Tangy, refreshing orange juice delivers a significant boost of vitamin C, as well as other nutrients such as B vitamins, vitamin A and potassium. While its calories can easily fit into your daily diet without ruining your calorie goals, orange juice is not exactly a low-calorie beverage. As long as you drink a moderate amount, it makes a nutrient-rich addition to your meals.
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Similar Calories From Different Juice Sources
Whether you drink a glass of freshly squeezed orange juice or prefer the convenience of diluting frozen orange juice concentrate, you'll get 112 calories in 1 cup of juice. The same portion of canned, unsweetened orange juice has 117 calories, according to the U.S.Department of Agriculture's National Nutrient Database.
Breakdown of Calories
Most of the calories in orange juice -- about 92 to 95 percent -- come from carbohydrates. Protein provides the remaining calories. In 1 cup of orange juice you'll get about 26 grams of carbohydrates, of which 21 grams consist of natural sugar. As long as you choose 100 percent juice without any added sweeteners, a cup of orange juice contributes toward your daily fruit intake.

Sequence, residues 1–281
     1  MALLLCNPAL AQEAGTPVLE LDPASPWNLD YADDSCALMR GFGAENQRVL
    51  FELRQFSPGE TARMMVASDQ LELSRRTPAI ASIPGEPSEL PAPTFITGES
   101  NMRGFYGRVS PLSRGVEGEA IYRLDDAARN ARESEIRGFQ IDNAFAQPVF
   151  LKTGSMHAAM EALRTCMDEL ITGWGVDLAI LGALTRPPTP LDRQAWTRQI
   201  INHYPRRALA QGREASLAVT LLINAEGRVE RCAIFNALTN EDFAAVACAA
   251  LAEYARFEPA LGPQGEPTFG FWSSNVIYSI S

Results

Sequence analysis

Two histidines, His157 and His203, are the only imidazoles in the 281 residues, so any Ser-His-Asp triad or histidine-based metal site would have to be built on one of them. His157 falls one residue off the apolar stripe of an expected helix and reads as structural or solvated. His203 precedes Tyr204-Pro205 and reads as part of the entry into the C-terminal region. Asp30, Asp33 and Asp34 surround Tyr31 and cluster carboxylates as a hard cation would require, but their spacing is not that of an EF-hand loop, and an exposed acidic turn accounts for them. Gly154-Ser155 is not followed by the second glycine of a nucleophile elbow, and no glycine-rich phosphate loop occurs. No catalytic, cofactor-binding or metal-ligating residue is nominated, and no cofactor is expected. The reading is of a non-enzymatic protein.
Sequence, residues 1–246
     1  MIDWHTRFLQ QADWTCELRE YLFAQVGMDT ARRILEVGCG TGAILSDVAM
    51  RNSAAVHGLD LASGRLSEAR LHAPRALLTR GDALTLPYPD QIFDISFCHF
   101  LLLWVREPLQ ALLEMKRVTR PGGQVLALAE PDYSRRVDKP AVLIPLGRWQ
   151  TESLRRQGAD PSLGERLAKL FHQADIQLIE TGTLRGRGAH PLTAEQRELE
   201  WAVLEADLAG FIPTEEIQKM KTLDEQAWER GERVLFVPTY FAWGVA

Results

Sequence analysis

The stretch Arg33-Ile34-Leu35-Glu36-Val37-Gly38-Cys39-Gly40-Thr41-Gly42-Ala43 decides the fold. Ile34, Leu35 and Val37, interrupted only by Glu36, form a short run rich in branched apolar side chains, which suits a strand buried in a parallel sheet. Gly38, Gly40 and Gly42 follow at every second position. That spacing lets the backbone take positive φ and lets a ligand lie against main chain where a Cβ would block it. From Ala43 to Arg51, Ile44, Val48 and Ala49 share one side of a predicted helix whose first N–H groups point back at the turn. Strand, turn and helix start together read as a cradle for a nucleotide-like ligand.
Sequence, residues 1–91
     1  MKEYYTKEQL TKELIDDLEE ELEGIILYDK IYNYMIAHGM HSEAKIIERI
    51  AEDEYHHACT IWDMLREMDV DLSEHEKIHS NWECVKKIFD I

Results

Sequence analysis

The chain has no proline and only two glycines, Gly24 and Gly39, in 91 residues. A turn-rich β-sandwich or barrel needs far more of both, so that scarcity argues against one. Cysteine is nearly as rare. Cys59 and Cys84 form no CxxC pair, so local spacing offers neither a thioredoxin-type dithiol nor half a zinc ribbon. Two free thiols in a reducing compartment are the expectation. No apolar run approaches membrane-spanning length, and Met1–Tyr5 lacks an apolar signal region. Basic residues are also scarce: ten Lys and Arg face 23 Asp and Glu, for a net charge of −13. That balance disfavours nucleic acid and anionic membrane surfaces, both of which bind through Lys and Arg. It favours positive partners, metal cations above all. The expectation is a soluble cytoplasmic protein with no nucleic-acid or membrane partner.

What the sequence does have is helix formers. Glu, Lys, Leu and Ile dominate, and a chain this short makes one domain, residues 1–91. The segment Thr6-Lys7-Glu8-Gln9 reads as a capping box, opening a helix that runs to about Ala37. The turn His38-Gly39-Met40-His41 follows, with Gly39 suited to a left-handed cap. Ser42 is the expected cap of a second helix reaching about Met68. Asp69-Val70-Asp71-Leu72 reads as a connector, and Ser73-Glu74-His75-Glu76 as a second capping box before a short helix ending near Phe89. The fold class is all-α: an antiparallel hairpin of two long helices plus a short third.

Juice Versus Whole Fruit
One cup of orange juice has the same calories as 1.25 cups of orange sections. Fresh oranges are smaller, providing 45 to 86 calories, depending on the size of the fruit. Orange juice provides about the same vitamins and minerals as fresh orange sections, but it loses almost all of the fiber. Condensed and canned juices also lose some vitamin C, but they're still excellent sources.
- USDA National Nutrient Database: Orange Juice, Raw
- USDA National Nutrient Database: Orange Juice, Frozen Concentrate, Unsweetened, Diluted With Three Volume Water
- USDA National Nutrient Database: Orange Juice, Canned, Unsweetened
- USDA National Nutrient Database: Oranges, Raw, All Commercial Varieties
- ChooseMyPlate.gov: What Foods are in the Fruit Group?